ABWR vessel sets record for weight, power, approval
The 890-ton reactor pressure vessel has been installed in Unit 6 of Tokyo Electric Power Co.`s (TEPCO) advanced nuclear boiling water reactor (ABWR) at Kashiwazaki-Kariwa nuclear power station.
“The reactor vessel is record-setting in several ways,” said Dr. Daniel R. Wilkins, GE`s Nuclear Services and Projects Department general manager. “Besides its weight–nearly four times heavier than the Statue of Liberty–the vessel has other impressive dimensions.” Its length from the bottom head to the vessel`s flange is 60 feet. Adding the vessel`s top head would bring its height to 74 feet. The inside diameter is 23.5 feet.
Unit 6, scheduled to enter operation in 1996, is the first of two advanced reactors being built on the TEPCO system. Unit 7 should begin operation in 1997. Both are 1,300-MW reactors.
The physical appearance of the advanced vessel differs from earlier BWR pressure vessels. Motor cases for the internal pumps are visible around the base of the ABWR vessel. These pumps replace external recirculation loops found on earlier models. Also, the vessel has no large nozzles below the core`s top, simplifying safety analysis and decreasing the possibility of core damage during hypothetical loss-of-coolant events.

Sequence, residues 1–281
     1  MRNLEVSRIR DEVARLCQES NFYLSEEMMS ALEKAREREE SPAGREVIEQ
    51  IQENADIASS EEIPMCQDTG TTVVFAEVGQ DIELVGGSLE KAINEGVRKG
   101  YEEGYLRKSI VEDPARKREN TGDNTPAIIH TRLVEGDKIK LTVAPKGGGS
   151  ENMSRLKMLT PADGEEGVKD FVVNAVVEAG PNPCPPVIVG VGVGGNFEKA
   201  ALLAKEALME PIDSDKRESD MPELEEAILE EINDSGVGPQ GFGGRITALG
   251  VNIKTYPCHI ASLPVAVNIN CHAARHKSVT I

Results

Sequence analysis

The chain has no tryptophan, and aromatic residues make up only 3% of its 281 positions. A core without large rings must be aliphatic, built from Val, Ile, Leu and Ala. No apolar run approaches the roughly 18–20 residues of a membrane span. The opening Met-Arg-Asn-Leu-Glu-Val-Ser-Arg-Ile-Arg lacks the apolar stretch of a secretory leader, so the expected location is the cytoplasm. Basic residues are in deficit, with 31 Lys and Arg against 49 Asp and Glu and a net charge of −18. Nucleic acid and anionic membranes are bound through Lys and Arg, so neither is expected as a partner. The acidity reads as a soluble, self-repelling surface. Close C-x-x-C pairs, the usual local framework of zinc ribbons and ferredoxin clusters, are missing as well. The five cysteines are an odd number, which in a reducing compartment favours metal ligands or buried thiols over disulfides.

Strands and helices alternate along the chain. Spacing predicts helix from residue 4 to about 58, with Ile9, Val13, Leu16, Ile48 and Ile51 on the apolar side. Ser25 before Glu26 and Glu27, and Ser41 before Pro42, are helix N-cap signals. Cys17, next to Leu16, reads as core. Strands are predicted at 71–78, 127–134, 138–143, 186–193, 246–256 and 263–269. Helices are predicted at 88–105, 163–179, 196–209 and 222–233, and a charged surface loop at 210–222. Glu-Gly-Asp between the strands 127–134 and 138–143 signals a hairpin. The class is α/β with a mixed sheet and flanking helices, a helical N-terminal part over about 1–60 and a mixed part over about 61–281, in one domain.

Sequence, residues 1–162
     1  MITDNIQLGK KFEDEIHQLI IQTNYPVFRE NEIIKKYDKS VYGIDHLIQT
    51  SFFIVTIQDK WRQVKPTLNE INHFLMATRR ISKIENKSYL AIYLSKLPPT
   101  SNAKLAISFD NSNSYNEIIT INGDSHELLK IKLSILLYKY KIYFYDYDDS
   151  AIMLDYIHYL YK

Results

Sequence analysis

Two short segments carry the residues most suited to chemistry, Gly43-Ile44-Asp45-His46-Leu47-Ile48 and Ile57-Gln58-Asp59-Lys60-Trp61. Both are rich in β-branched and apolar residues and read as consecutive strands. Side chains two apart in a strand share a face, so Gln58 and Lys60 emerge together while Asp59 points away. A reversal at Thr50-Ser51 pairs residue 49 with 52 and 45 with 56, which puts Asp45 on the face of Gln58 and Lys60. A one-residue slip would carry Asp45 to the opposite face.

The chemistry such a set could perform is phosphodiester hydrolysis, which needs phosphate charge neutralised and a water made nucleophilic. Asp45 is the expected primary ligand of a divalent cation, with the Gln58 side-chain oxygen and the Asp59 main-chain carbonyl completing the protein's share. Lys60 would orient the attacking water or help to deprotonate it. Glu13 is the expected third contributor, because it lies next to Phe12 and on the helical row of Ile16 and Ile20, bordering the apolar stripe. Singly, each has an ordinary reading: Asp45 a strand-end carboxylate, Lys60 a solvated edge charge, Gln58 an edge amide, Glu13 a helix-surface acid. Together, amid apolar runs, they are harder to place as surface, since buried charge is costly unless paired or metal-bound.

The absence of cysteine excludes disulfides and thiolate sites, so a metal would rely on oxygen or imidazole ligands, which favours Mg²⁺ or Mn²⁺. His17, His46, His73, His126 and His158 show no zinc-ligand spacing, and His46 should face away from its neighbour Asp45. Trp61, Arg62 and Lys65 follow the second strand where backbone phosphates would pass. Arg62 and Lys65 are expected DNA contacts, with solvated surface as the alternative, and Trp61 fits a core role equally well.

The vessel, manufactured at the Ishi-kawajima-Harima Heavy Industries Co. in Yokohama, Japan, underwent 252 inspections during its 33-month construction.
Units 6 and 7 are being supplied by a consortium of GE`s Technical Services Co., Hitachi and Toshiba. GE was selected to supply the nuclear reactor systems, nuclear fuel and turbine generators.
The ABWR has been adopted as the next generation standard in Japan, with several utilities planning to construct additional units.
The ABWR is also a pacesetter in the United States, receiving the first final design approval from the US Nuclear Regulatory Commission for an advanced nuclear plant, which culminated a seven-year effort by GE and the US government to approve standardized nuclear reactor designs for future use.